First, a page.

When our Internet-connected gadgets and home appliances all learn to talk to each other, Google wants to be at the center of the conversation.
This imagined future is still a few years away, but Google is already preparing with its $3.2 billion acquisition of high-tech thermostat and smoke-detector maker Nest Labs.
The surprise deal announced earlier this week will provide Google Inc. with more tools to build a valuable hub for homes. It's a world of network-tethered toasters and tea kettles, or a so-called "Internet of Things," that is destined to reshape society, experts say, in the same way that smartphones have done in the seven years since Apple Inc. unveiled the iPhone.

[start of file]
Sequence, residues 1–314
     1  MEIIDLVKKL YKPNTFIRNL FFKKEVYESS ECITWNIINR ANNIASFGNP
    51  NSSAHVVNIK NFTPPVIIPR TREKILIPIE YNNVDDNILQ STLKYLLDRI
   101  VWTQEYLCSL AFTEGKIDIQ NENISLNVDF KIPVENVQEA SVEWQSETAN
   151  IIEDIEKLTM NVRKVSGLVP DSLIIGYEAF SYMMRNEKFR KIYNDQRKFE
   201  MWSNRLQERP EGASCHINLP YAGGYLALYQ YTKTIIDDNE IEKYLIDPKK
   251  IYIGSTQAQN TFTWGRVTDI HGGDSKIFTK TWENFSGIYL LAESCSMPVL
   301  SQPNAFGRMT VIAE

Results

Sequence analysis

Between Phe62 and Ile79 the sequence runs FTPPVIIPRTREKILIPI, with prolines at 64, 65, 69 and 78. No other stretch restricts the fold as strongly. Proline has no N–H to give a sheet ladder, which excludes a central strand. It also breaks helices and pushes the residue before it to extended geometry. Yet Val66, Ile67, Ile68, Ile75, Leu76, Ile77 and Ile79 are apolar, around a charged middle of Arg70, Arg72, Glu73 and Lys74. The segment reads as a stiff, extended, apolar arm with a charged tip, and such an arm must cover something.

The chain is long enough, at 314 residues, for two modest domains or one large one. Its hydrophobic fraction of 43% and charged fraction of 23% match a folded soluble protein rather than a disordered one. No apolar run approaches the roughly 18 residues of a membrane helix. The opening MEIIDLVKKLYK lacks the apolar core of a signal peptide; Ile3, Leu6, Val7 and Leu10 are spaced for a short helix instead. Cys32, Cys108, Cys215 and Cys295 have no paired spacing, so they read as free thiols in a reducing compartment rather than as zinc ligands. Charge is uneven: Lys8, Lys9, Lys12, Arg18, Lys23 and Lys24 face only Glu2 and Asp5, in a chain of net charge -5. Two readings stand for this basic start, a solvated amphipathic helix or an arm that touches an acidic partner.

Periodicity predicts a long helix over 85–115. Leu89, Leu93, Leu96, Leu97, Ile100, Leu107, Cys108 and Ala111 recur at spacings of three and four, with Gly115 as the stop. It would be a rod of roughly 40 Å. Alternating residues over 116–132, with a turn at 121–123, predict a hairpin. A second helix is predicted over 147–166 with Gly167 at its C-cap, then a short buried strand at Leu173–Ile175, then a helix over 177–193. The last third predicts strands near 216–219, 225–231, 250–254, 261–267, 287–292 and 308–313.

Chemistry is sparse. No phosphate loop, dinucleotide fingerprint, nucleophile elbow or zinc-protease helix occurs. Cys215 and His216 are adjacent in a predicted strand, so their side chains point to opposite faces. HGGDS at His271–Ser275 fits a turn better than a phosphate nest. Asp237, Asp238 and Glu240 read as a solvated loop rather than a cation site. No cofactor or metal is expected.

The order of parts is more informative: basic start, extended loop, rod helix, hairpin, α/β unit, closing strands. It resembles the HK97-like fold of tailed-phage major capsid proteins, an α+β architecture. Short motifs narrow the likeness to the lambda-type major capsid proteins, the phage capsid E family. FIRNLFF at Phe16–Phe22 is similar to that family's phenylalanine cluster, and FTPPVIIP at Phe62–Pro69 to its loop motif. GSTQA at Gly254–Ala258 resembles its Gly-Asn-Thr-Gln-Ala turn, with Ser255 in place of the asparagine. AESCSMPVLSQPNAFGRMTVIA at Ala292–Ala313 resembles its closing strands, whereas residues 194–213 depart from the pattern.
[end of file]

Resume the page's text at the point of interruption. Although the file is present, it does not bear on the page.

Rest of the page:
Google also could plug its digital mapping software into Nest products so it could learn the layout of a home, said Brian Proffitt, a technology analyst who is also a management instructor at the University of Notre Dame. That knowledge could then be deployed to delegate such household chores as vacuuming to a robot that would be able to rely on the interior maps to navigate its way through an entire home without human help, Proffitt said.